Inside the Zaha Hadid-designed Magazine restaurant at Serpentine Galleries, a climate solution is cooking. In the face of a global food crisis, a complex set of problems around how we consume food requires an equally involved set of solutions. Daniel Fernández Pascual and Alon Schwabe, founders of London-based studio Cooking Sections, are working across disciplines with scientists, chefs, and policymakers on their ongoing research project, Climavore. As part of ‘Back to Earth’, the Serpentine’s long-term programme featuring artistic responses to the climate emergency, Cooking Sections has created a menu of three dishes: one small, one large, and one sweet. Each aims to showcase an adaptive and ecologically conscious food system. 

What began in 2015 to encourage restaurants across the United Kingdom to replace farmed salmon from their menus with more sustainable ingredients (by way of stimulating marine habitats and improving water quality) has become a much larger conversation. Through collaborations with Cooking Sections, cultural institutions in the UK, Sweden, and the United States are addressing the issue of food industrialisation. ‘It’s about setting the framework under which chefs, cooks, anyone, can develop to their own needs and scale,’ says Schwabe. ‘We’re not writing recipes and distributing them to restaurants. These recipes are made by the chefs.’ 

 Nick Middleton
Cooking Sections’ Climavore: On Tidal Zones, 2017 on Isle of Skye, Scotland. Photography: Nick Middleton

The three new dishes for The Magazine are made with regenerative agriculture in mind. Using plants designed to improve the quality of their soil (a rotational crop practice rooted in Indigenous wisdom), tomatoes on toast is served on YQ sourdough – the name stands for ‘yield/quantity’, an alternative flour with a unique flavour profile. This approach strives to introduce renewed grain varieties at optimal times of the year. ‘When you go to the supermarket in cities like London, you can find pretty much anything all year round; there’s a certain erosion of the seasons,’ says Fernández Pascual. ‘So we started to consider how seasons can inform choices, but also policies or landscapes.’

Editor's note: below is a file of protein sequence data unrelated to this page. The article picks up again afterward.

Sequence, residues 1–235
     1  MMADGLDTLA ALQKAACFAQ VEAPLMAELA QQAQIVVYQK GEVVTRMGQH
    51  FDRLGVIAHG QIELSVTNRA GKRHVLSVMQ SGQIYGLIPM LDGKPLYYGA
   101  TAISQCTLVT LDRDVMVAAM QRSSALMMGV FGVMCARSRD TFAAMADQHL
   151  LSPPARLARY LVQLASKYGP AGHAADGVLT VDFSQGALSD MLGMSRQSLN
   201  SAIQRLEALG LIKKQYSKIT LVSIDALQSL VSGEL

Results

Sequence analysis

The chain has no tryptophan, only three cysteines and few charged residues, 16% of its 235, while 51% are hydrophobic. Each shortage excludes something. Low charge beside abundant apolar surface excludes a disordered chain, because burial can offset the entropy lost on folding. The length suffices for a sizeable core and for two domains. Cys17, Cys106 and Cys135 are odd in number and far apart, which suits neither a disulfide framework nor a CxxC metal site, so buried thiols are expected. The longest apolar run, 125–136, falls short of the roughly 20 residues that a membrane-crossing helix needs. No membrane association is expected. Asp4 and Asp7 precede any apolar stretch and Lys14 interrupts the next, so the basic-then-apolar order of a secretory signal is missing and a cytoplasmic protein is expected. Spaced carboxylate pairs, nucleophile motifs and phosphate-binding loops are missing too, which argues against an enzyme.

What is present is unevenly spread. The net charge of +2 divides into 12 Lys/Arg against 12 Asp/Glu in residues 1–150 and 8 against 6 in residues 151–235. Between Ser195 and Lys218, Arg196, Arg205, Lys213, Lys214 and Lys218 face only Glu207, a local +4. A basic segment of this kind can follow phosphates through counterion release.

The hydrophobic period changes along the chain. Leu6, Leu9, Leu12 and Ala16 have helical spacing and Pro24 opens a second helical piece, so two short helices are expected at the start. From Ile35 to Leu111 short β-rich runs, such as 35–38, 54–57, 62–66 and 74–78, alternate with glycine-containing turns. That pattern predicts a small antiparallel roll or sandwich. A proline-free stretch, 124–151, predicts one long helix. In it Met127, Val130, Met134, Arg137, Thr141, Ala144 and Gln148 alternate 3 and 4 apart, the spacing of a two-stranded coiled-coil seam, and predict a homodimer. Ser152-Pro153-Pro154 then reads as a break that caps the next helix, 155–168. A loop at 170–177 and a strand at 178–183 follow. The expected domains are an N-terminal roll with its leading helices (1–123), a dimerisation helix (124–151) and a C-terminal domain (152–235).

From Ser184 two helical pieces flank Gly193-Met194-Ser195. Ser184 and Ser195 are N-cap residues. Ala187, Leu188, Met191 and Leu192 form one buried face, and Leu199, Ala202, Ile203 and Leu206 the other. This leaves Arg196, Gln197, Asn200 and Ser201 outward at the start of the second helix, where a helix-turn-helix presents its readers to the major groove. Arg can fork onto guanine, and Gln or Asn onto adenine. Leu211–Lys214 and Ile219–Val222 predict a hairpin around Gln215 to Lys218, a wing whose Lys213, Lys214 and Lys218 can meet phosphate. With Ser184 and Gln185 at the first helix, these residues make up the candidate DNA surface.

When we regard market stalls during the seasons: spring, summer, autumn, and winter, we’re met with artichokes, blackberries, pumpkins, and clementines. But looking to the future, with the trajectory we’re on, what would it look like to eat in the season of polluted oceans and drought or the season of wildfires and flash floods? This is the exact thought experiment that launched Climavore. ‘We thought it would be compelling to work with a restaurant to do an intervention there. For us, the restaurant is a significant place,’ says Fernández Pascual, who points out that the term ‘restaurant’ can be traced back to the 19th century, and derives from the French restaurer. ‘We like to see the restaurant as a place, not only to restore the human body but to restore ecology at large today.’ 

 Ruth Clark
Cooking Sections’ Climavore: Seasons Made to Drift, 2021, at Salt Beyoglu, Istanbul. Photography: Ruth Clark

The Magazine is an extension of Serpentine North, which was built in 1805 as a gunpowder store. Hadid’s glass walls curve in space around oval skylights in the deep billowed ceiling, creating a characteristically organic form. The gallery’s gardens can be seen past sculptural columns that punctuate the dining room. As the Serpentine’s leading food and drink destination, The Magazine is an extension of its exhibitions. After tomatoes on toast, the ‘Back to Earth’ menu offers British chickpea tabbouleh with bright summer squash, lemon verbena harissa, robust barrel-aged feta and mint. Then to finish, a seasonal rhubarb and British red and white quinoa cake, served with bay leaf honey and stem ginger ice cream. A simple menu infused with elaborate research. 

Through Climavore, Cooking Sections offers actionable sustainability through collective transformation. Any one of the ‘Back to Earth’ dishes is a feast for the palate, but more importantly, it opens a dialogue. It encourages us to participate in the discussion and include all voices in developing new strategies and innovations to better the future of food. §

 Marloes Haarmans
Our artist’s palate feature in the August 2022 issue features the recipe for Cooking Sections’ tomatoes on toast, (pictured with a Seaweed Seeper), which is served at The Magazine alongside chickpea tabbouleh, and rhubarb and quinoa cake. Photography: Marloes Haarmans

 

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